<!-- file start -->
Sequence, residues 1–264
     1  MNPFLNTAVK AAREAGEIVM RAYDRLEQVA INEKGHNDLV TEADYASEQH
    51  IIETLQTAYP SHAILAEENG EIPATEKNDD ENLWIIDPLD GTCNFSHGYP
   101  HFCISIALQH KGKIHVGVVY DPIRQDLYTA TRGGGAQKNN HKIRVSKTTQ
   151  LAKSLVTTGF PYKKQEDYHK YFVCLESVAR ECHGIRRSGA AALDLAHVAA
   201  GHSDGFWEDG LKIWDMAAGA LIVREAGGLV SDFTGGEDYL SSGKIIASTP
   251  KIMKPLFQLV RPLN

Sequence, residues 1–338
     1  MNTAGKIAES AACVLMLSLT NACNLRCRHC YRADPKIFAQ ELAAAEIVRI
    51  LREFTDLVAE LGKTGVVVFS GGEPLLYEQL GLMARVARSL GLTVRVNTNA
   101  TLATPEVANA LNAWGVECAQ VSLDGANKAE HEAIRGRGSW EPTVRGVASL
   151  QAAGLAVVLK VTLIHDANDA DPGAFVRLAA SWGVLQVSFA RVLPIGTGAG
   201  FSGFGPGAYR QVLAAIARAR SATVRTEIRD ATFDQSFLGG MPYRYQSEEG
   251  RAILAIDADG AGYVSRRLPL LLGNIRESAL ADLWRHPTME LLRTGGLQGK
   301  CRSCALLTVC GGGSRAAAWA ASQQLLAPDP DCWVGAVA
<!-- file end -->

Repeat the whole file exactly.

Sequence, residues 1–264
     1  MNPFLNTAVK AAREAGEIVM RAYDRLEQVA INEKGHNDLV TEADYASEQH
    51  IIETLQTAYP SHAILAEENG EIPATEKNDD ENLWIIDPLD GTCNFSHGYP
   101  HFCISIALQH KGKIHVGVVY DPIRQDLYTA TRGGGAQKNN HKIRVSKTTQ
   151  LAKSLVTTGF PYKKQEDYHK YFVCLESVAR ECHGIRRSGA AALDLAHVAA
   201  GHSDGFWEDG LKIWDMAAGA LIVREAGGLV SDFTGGEDYL SSGKIIASTP
   251  KIMKPLFQLV RPLN

Sequence, residues 1–338
     1  MNTAGKIAES AACVLMLSLT NACNLRCRHC YRADPKIFAQ ELAAAEIVRI
    51  LREFTDLVAE LGKTGVVVFS GGEPLLYEQL GLMARVARSL GLTVRVNTNA
   101  TLATPEVANA LNAWGVECAQ VSLDGANKAE HEAIRGRGSW EPTVRGVASL
   151  QAAGLAVVLK VTLIHDANDA DPGAFVRLAA SWGVLQVSFA RVLPIGTGAG
   201  FSGFGPGAYR QVLAAIARAR SATVRTEIRD ATFDQSFLGG MPYRYQSEEG
   251  RAILAIDADG AGYVSRRLPL LLGNIRESAL ADLWRHPTME LLRTGGLQGK
   301  CRSCALLTVC GGGSRAAAWA ASQQLLAPDP DCWVGAVA